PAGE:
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How to Support Survivors in Your Life

When someone discloses their trauma, it takes a lot of trust and courage to be open and willing to confide in someone close to them. Many survivors may not wish to disclose this to anyone at all. 

The initial disclosure may feel overwhelming at first to you, but please know your compassion and desire to support someone is incredibly valuable for survivors. Your support can have such a positive impact on someone’s healing journey. To make things feel less overwhelming, we have an acronym with some tips on responding to a disclosure.

When someone discloses to you to show CARE:

Compassion. When someone discloses to us, listen first and respond with care. Responses like “I hear you, and I believe you” can create a safe space for the disclosed person. By treating them with kindness and empathy, you can help them feel validated.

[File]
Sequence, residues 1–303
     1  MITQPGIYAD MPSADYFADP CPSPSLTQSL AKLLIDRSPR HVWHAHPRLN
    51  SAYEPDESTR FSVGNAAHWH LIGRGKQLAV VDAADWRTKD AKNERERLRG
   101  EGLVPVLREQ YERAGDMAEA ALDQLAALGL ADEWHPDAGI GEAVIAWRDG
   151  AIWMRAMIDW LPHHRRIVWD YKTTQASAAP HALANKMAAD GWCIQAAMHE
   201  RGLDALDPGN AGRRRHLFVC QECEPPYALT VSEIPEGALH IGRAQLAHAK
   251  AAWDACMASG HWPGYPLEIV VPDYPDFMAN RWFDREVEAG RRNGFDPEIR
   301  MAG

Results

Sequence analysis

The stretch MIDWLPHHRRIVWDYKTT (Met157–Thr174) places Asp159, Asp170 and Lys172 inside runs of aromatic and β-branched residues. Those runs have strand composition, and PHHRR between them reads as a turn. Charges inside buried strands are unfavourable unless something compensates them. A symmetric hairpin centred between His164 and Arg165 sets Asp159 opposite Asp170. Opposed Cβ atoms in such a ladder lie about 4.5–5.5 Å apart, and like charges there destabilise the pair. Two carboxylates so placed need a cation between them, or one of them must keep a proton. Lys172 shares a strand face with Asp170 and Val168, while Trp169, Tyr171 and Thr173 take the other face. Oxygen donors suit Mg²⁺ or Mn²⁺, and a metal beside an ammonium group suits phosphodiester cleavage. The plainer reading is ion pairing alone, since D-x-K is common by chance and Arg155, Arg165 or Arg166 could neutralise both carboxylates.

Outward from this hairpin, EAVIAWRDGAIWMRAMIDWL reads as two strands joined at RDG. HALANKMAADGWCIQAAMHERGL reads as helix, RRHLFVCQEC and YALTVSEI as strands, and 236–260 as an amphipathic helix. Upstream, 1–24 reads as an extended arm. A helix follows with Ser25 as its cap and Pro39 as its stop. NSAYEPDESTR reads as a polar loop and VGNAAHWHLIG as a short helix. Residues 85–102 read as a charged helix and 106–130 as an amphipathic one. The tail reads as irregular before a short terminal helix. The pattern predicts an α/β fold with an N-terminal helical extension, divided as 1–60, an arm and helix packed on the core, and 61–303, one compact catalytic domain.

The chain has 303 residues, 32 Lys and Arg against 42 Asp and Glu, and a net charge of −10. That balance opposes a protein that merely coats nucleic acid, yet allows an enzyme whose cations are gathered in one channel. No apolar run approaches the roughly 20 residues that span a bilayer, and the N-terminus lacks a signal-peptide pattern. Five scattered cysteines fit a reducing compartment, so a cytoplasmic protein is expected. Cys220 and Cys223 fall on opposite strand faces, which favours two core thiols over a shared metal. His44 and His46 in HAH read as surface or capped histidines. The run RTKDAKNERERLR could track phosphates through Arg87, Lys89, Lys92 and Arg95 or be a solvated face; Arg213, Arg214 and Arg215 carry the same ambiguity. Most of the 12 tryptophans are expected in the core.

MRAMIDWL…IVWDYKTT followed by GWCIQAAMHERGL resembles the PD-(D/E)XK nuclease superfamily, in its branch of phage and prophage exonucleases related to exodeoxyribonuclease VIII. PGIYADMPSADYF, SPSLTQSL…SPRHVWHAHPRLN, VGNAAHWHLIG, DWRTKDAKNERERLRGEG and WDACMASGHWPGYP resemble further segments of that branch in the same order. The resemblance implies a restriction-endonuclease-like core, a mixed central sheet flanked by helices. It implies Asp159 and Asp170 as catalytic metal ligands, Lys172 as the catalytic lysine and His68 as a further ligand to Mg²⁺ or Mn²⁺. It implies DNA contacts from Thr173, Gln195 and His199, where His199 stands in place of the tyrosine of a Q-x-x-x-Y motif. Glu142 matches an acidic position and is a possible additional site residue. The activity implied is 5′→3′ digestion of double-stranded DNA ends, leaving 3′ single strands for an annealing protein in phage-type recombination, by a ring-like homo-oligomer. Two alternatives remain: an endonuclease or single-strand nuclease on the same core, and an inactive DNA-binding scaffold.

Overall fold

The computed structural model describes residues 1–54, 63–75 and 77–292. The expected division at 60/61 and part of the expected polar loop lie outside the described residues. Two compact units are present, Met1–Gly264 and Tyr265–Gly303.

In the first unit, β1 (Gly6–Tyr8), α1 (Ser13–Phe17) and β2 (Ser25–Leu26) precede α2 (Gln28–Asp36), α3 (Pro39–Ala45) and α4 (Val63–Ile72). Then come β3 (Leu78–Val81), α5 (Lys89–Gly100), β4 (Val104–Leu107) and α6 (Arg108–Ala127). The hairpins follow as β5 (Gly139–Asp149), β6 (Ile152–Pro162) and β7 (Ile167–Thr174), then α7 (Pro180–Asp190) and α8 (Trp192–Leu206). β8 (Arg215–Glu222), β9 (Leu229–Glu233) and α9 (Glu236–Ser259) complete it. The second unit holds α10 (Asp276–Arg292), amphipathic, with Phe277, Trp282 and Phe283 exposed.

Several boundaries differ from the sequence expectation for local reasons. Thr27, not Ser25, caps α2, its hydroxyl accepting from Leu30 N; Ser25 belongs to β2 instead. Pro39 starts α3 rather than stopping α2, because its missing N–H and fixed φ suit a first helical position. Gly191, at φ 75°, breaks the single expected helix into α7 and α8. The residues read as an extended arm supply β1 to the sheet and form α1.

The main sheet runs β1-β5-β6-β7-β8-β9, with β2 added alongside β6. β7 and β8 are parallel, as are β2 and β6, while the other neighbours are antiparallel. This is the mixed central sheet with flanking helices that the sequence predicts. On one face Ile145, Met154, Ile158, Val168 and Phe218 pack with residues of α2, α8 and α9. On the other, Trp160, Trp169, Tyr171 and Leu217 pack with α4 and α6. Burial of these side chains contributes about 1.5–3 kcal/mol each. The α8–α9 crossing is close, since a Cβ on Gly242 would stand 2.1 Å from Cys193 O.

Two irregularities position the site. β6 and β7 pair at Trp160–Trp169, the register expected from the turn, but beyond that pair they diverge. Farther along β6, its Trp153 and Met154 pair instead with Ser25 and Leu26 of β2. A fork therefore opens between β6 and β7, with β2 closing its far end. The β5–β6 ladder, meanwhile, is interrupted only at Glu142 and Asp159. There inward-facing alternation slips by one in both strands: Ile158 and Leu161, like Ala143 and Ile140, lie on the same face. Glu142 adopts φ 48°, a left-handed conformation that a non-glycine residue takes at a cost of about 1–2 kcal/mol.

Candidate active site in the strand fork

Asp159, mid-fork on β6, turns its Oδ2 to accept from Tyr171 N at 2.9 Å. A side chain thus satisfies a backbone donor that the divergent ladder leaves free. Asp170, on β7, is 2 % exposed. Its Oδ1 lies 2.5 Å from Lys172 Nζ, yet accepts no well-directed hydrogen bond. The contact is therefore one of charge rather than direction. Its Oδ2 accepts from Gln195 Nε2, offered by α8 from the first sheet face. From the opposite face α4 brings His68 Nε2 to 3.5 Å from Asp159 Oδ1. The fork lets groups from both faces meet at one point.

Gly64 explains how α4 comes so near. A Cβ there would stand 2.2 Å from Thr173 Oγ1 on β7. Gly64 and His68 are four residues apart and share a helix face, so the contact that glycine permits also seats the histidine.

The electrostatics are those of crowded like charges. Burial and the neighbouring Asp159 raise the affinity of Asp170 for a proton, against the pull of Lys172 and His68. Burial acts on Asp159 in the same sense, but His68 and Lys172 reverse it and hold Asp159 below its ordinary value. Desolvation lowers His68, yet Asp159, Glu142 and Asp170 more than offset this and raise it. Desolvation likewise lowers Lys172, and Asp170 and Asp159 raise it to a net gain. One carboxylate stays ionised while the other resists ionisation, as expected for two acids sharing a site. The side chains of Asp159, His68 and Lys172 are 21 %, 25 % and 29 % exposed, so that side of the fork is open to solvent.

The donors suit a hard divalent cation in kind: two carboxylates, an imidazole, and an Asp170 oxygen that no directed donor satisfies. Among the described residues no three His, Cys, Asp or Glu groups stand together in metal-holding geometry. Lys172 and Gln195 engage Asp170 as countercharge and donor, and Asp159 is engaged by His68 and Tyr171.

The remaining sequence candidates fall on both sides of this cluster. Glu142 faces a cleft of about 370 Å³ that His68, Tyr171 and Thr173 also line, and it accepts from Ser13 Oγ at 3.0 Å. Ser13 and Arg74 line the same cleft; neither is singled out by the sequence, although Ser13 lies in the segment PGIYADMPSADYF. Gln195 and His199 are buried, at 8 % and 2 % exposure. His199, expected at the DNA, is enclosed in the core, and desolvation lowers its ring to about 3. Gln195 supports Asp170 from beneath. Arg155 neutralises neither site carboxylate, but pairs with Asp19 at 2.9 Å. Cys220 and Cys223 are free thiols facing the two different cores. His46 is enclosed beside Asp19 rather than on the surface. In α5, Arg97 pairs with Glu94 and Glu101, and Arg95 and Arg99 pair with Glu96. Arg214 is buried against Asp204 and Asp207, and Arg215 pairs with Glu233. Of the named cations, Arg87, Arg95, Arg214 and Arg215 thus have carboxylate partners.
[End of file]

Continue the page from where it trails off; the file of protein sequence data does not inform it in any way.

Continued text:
Acknowledge the impacts of harm with validating statements, i.e. "It's not your fault.". You can also acknowledge the limitation of your support role. 

Refer them to services. If the person who disclosed is a fellow TMU student, Consent Comes First can connect you and the survivor with services and support following a disclosure. This includes group support, counselling support, and referral services. Additionally, our connection to the services page includes a list of community and TMU resources available.  

Empower yourself. When someone discloses to us, the impacts of trauma may be very difficult. We may begin to feel various emotions, including anger, confusion, sadness, and overwhelming. You are completely valid for this and deserve compassion and support. Following a disclosure, being gentle with yourself and practicing self-care are essential. If you need additional support, we are here for you. We encourage you to contact Consent Comes First at TMU through email at